Dan Carlin (2019) The End is Always Near: Apocalyptic Moments From the Bronze Age Collapse to Nuclear Near Misses.
Posted by celticman on Thu, 06 Jan 2022
Dan Carlin’s book is based on his HardCore History Podcasts. I’ve never listened to them. Books are better. A good apocalypse always gets my attention. Carlin asks the question were men (and women) tougher in ye olde days. The answer, not surprisingly, was probably. Let’s look at the Spartans. No fat kids. No food unless children foraged for it. Stole it from each other. Childhood obesity is no joke, but you know we should try that at Eton, and on Boris Johnston in particular. I did a list of possibilities with the doomsday clock ticking closer and closer to midnight. The moron’s moron and 45th American President has lightened the load a little. I guess we can also begin to rule Asteroids out. NASA (or somebody) sent an experimental rocket up with a payload of a Hillman Imp to try to deflect one of the smaller rocks. From smaller rocks to bigger rocks to bronze to iron to flying machines to Intercontinental Ballistic Missiles. Man has never developed weapons he’s not used. (I use the male tense) until we went nuclear.
One thing I didn’t mention in my UFO post was a group of American soldiers in their bunkers reporting seeing lights in the sky. A spaceship hovering and the commander reporting a ray that turned off nuclear weapons. The Day the Earth Stood Still moment with Gort, the benign alien, under the classified section. He does mention The Fermi Paradox which stacks the odds in their being other intelligent beings on other planets. Then looks for reasons why we can’t contact them. They may be so technologically advanced that they’re invisible, but Occam’s razor suggests another more plausible option. They become so technologically advanced—like us, but with wings on—they blow themselves up.
Carlin only mentions global warming in passing. It’s not right away and it’s not sexy. But I’d guess that it will be a catalyst for all these other factors including using tactical nuclear weapons. We’ve already begun the softening up progress. Military psychologist, David Grossman, for example, notes that greater distance makes killing possible. I’m sure there could be some kind of equation here. Algorithms rule the world. A soldier guiding a drone into warfare isn’t the same as medieval soldiers having to hack their way through the bodies of tens of thousands of women and children. Around 40 000 Londoners killed in the German Blitz in London during eight months of the Second World War. Around 40 000 killed in Hamburg in one afternoon. Scaling up.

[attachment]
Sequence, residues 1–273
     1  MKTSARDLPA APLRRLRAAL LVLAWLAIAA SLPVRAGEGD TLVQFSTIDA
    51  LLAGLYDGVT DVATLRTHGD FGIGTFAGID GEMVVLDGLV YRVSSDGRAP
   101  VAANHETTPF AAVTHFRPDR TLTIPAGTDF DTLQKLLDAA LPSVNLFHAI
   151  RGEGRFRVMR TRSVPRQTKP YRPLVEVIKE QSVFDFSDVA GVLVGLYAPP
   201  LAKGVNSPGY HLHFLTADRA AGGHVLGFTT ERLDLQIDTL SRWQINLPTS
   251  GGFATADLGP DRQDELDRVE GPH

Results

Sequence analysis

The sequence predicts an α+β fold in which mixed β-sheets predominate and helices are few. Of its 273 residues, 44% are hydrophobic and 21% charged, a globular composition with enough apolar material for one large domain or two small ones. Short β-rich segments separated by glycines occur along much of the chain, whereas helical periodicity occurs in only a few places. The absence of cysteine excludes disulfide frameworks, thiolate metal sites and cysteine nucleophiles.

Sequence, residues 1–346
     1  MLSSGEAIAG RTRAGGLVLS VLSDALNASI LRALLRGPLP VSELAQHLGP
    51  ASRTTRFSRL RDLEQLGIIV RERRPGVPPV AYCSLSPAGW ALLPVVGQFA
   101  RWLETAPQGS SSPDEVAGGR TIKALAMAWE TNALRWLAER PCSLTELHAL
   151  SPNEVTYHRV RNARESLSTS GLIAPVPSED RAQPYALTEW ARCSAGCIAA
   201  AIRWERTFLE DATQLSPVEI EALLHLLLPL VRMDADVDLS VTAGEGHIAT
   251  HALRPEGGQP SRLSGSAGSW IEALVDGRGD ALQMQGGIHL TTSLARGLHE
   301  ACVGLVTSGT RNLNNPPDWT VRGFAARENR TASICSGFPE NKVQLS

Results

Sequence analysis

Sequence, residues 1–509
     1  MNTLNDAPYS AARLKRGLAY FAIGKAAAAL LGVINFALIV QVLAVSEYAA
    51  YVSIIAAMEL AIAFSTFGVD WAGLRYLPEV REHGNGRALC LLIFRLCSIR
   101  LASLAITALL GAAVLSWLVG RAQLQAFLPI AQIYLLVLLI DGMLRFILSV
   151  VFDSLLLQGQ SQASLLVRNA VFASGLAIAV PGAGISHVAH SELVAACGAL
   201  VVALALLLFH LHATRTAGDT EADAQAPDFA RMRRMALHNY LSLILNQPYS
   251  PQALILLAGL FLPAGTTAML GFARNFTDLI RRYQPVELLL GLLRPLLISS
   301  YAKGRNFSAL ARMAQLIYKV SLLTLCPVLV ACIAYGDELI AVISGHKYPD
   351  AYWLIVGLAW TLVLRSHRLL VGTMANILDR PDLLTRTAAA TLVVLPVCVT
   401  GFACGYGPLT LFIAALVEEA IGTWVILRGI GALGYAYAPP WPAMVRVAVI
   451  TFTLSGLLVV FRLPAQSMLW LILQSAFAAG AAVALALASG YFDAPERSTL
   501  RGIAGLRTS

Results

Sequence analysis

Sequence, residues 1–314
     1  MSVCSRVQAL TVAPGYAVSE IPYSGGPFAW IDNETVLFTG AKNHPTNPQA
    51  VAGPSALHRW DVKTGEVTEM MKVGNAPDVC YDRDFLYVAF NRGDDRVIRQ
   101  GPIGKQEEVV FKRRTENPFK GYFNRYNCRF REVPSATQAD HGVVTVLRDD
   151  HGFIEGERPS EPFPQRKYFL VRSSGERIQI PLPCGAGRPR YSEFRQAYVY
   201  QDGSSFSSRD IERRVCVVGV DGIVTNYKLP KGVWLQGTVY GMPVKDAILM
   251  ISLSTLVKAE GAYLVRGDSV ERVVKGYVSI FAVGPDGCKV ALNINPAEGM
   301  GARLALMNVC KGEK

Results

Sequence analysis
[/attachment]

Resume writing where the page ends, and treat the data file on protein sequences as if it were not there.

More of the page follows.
He doesn’t give any mention of the rise of the robots and machine intelligence. The cuckoo in the nest. To paraphrase, 100 computer programmers worth one million soldiers. Then one computer programmer worth one hundred. But with self-replication no computer programmers and no soldiers that can stand against them. A slow burn. Then an implosion.
Because Carlin’s Podcast/Book was pre-Covid, Covid-19 is not here. He does make a case for vigilance, but he’s missed the big one. He needs to rely on Smallpox and The Black Death, which wiped out half the world, but wasn’t all bad. Workers became more Bolshie, moving into their master’s houses and taking their land. Round up the usual suspects. Spanish Flu. He identifies the speed of spread is tied in with the interconnectedness of modern life. As it was in the past. When a ship docked and its cargo was unloaded, those that helped unload it went home and infected their family. We know how it works. We’ve become experts in epidemiology. One thing Carling didn’t predict was the unexpected backlash against inoculation. The growth in Conspiracy Theories. I don’t doubt if there was a vaccine against the Black Death with little chance of survival, people would have been queuing around their hovels. Or smallpox, which was lethal. And not only that, it cause disfigurement on the skin, even for survivors. Inoculation against smallpox would have been an easy sell to Instagram and Facebook generation. Imagine the selfies? Even the First World War, Spanish flu (it didn’t come from Spain, that was a bit of propaganda, like the moron’s moron calling Covid-19 the Chinese thing, but it did come from China). The Spanish flu hit mainly the young and healthy. Old blokes like me were quite safe. Imagine if over 150 000 corpses in the United Kingdom were under forty. That would have created more of a fuss.
Oh, well, back to the drawing board. We’ve all got to die of something. It just looks like we’ll become progressively poorer, perhaps even go hungry, before the full wrath of global warming is unleashed. The Jews were wiped out in many European nations during plagues. I’m sure boat people and refugees will face similar plights. We do love our scapegoats. That savagery linked to ancient times before the Bronze Age. Back beyond Old Testament times. We might be fat and half blind, but we can still find a good bit of hatred of foreigners when required. Justification in extremis. The more we change the more we stay the same…